“These were harder to work in because there is a smaller time frame to install the foundations, so we wanted to work on them in the better weather,” adds Britton.
For the very shallow water where the depth dropped to just 2.5m engineers had to charter the vessel HLV Svanen which had a shallower draught than the jack up barge.
All the foundations are expected to be completed by the end of year, with attention then turning to installing the 3.6MW Siemens turbines.
Each turbine will have a hub height of 87m above sea level and a 120m diameter rotor. The turbines will be shipped from Denmark.
The turbines are linked by a 33kV transmission cable which is also linked to the substation.
“Laying cables is quite a challenge,” says London Array marine co-ordinator John Bray. “There always seem to beknots or breakages.”
Laying the cables is the offshore support vessel Jan Steen, supported by the tug MCS Ailsa. The first three array cables are now in place, measuring between 720m and 3.1km long. A total of 200km of cable is required for the scheme.
All the array cables feed into the two substations, where the electrical current is stepped up to 150kV. Four export cables run from the two substations to the onshore substation at Cleve Hill. This is where the power is stepped up again to 400kV to be fed into the National Grid.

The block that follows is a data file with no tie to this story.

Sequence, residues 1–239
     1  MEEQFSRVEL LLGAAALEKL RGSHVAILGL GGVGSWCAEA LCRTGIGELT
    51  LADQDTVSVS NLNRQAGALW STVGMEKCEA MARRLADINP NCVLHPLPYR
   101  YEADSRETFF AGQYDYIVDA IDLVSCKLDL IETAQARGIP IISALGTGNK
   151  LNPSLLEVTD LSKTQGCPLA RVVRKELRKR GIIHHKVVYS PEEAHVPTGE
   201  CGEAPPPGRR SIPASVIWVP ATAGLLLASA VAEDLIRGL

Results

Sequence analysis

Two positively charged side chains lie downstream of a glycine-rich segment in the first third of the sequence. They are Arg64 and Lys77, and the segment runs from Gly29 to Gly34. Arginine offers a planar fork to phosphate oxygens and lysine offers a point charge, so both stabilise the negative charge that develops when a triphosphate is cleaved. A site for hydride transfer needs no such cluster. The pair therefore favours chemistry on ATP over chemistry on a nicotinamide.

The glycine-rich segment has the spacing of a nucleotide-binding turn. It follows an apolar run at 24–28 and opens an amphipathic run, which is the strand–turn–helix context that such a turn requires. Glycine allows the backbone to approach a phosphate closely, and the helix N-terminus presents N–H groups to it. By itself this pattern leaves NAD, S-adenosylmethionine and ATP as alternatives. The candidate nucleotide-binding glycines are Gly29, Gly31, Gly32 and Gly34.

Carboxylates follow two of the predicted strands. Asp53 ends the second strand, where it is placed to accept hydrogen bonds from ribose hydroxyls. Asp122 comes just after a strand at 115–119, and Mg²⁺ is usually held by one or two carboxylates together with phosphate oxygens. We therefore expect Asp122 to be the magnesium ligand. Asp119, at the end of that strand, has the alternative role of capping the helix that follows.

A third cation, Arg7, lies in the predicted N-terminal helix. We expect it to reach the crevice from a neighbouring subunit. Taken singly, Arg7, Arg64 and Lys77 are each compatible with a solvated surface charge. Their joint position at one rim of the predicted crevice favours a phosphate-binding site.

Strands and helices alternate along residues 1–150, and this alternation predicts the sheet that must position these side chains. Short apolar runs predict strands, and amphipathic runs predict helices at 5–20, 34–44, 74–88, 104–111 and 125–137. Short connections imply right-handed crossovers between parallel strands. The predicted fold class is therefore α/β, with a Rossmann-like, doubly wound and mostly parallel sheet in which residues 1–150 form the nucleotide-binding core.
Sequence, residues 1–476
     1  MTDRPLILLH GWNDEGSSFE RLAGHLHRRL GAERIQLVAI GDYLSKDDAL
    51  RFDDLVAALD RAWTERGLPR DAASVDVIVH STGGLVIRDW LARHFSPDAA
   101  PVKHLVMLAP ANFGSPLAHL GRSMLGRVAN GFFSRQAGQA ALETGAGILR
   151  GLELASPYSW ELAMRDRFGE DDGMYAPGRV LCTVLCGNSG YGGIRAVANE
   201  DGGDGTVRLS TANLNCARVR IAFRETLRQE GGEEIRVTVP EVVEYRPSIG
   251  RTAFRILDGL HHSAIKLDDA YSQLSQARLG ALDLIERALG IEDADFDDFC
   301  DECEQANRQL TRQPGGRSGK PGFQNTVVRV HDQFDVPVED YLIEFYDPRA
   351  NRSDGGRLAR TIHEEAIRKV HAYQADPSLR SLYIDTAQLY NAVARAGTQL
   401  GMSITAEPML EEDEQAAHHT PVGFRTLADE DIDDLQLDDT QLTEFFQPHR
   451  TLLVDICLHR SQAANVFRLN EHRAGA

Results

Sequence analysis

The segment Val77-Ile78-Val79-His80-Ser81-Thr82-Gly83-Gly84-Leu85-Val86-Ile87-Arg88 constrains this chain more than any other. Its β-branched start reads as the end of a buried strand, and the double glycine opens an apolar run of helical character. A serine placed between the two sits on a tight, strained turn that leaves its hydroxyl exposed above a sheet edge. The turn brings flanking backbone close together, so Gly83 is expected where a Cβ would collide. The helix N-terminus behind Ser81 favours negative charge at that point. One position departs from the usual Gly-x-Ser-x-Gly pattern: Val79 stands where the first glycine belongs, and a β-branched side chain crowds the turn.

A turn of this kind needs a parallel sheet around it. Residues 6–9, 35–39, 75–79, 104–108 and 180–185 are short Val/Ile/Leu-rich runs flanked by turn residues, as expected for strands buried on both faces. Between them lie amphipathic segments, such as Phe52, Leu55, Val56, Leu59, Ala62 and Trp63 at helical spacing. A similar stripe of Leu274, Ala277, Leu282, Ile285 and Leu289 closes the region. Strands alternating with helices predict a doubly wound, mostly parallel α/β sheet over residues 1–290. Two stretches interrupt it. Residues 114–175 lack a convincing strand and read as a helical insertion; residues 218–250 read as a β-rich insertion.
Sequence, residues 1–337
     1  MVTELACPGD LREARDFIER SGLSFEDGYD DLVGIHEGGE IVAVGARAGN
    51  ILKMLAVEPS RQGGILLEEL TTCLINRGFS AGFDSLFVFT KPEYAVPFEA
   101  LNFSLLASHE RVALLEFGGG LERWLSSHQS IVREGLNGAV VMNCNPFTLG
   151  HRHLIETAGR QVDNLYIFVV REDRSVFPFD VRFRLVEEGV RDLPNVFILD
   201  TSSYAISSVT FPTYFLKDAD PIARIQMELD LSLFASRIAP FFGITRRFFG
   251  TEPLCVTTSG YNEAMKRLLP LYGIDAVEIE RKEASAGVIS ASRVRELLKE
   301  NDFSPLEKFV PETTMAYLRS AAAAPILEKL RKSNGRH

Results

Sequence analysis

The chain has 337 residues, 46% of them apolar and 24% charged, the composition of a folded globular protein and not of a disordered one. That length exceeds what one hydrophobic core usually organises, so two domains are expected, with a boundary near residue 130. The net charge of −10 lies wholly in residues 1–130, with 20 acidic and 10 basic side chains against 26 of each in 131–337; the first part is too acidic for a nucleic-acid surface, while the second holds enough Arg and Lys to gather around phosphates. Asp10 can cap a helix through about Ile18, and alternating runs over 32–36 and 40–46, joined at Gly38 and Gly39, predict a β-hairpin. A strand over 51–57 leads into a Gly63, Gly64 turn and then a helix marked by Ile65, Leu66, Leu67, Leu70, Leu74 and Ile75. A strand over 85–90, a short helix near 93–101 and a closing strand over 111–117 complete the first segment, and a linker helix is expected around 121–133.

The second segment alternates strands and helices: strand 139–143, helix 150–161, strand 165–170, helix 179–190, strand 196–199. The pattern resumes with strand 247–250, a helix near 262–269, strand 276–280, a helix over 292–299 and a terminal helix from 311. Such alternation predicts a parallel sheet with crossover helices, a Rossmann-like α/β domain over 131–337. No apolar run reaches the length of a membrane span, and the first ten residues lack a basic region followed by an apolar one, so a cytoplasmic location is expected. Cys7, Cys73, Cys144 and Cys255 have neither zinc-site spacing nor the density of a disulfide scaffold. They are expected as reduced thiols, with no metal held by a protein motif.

“Eon will buy 30% of the energy produced by the wind farm, with the rest left on the open market,” explains Britton.
Construction is due to be mostly completed by next year, followed by testing and commissioning. The array is due to come on stream by the end of 2013.
London Array hasn’t given timescales for phase two, as it is subject to environmental licences. When operating at full capacity, the wind farm will produce enough electricity to power 750,000 homes in the South East of England.
Client: London Array
Dong Energy (50%)
Wind turbine construction and erection: Siemens Wind Power
Foundations: Per Aarsleff and Bilfinger Berger
Onshore substations: Siemens Transmission and Distribution
Safety at sea
With difficult conditions offshore, it is clear health and safety is paramount.
“We encourage not only reporting of accidents, but near misses and observations,” adds Bray. “We also want to encourage staff to stop work if they feel in any way unsafe.”
There have been fatal accidents on other offshore wind farms, and the offshore working environment poses unique hazards in addition to those on any land based construction site.
Coastguards are on standby to assist with any operations. London Array has a good safety record with no fatalities, and very few injuries, but the team remains vigilant.
“It’s all the dangers of a construction site but on water,” adds Britton.